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MT-24EX Users Guide

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Due to the number of questions I've received I feel the need to do a step by step guide on how I set up and use the MT-24EX and now the MT-26EX RT. But before I dive in there are a few things that you need to understand.

I've spent a lot of time experimenting with the MT-24EX/26EX and looking for a way to get the light I want from a flash that, out of the box, is really harsh. I started by learning how a flash works from reading the HiViz web site and reading the tutorials at Strobist like Aperant Light Size. There is a huge difference between getting good results with a flash and understanding how you're getting the light that you're seeing in your images. If you're not willing to invest a little time to read those two sites then, IMHO, you should stop reading this tutorial now. Odds are I'm going to confuse you in the long run because you're not going to understand what you're doing and you're not going to understand why the things that I do work.

The last disclaimer before we get into the nuts and bolts of things: I am not now, now will I ever be, the last word on any photographic discipline. There are a lot of ways to get from point A to point B and I'm only giving you one of them, my way. Take what you read here and elsewhere and experiment. Make your photography look like it's coming from you and not me otherwise you will always be walking in my shadow.

Let's get started by going over what I've learned about ratio control on the MT-24EX. With ratio control you can vary the power of the flash heads to create deeper shadows, but it has some limitations...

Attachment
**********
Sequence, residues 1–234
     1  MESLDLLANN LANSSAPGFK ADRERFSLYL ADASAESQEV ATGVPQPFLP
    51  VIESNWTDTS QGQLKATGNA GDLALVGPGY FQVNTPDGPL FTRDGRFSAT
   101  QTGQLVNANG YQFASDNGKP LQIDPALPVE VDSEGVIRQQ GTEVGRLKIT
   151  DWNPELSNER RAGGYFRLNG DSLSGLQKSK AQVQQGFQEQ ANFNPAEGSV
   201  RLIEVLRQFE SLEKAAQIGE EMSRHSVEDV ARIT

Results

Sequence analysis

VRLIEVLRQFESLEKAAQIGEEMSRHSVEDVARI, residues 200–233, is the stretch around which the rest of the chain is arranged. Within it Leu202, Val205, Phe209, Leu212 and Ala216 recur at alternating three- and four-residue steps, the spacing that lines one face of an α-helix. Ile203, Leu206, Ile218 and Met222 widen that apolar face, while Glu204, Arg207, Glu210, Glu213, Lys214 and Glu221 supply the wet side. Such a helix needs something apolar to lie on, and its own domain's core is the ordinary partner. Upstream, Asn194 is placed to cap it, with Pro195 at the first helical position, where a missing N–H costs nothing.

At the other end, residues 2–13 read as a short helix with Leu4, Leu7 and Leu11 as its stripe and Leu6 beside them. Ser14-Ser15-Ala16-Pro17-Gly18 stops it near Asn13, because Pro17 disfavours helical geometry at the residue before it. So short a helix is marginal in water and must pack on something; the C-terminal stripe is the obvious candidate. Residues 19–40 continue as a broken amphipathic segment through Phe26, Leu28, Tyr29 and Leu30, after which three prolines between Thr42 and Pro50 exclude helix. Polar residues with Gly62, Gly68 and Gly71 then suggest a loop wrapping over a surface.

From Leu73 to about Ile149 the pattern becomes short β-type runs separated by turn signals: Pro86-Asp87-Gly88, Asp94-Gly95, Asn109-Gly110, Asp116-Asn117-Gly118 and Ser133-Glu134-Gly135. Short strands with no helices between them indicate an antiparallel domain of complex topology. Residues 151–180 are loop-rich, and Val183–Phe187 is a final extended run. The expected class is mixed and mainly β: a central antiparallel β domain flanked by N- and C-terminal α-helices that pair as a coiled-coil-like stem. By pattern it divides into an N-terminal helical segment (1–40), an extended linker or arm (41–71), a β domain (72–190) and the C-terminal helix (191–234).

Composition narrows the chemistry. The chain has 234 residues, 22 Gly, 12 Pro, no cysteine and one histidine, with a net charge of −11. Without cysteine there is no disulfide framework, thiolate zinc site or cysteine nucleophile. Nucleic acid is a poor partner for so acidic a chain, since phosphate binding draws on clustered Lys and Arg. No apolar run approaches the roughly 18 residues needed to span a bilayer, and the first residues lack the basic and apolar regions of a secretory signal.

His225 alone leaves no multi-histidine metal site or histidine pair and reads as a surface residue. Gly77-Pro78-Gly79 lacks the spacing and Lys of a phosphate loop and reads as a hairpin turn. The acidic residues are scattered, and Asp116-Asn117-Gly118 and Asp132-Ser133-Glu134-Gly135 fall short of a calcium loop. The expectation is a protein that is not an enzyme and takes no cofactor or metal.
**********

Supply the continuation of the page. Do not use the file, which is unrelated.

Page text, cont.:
With E-TTL flash metering the camera will send out a pre-flash that's used to determine the exposure for the scene, and then it sets the power of the flash heads for the main flash burst. With ratio control you're telling the flash to take the total amount of light that the camera want's to use for the scene and send more of it out a single flash head. But the total amount of light that the flash produces is the same with or without ratio control, in other words ratio control is not the same as flash exposure compensation (FEC). So with ratio control enabled you run the risk of over exposing part of the scene, and it's been my experience that the E-TTL pre-flash is not affected by ratio control (or if it is it doesn't have any effect on how the camera is metering the scene).

You do not need ratio control to get good shadows, so turn it off. The only time you should have ratio control enabled is if the flash heads are 180 degrees apart on the flash mount and even then if you have the heads angled differently you still don't need ratio control. If you do feel the need to use ratio control then don't set it higher than two to one, and keep in mind that I do not use it.

I usually have one flash head at the top of the lens (the key) at the 12 O'clock position and the other flash head is off to the side (the fill) at about the 3 O'clock position (relative to me) on the flash mount that Canon supplies with the MT-24EX/26EX. I also use a Kaiser Adjustable Flash Shoe to get the key flash higher, and at a different angle, than the fill to cut down on glare. If both flash heads are  mounted directly to the Canon flash mount then the angle between the flash heads, subject, and sensor will be the same -any shiny surface is going to cause problems since both flash heads will be hitting the same spot at the same angle. The Kaiser Adjustable Flash Shoe is not "keyed" to clip into the Canon flash mount, but I cut two groves in mine with a Dremel tool so that it locks in place like the MT-24EX's flash heads.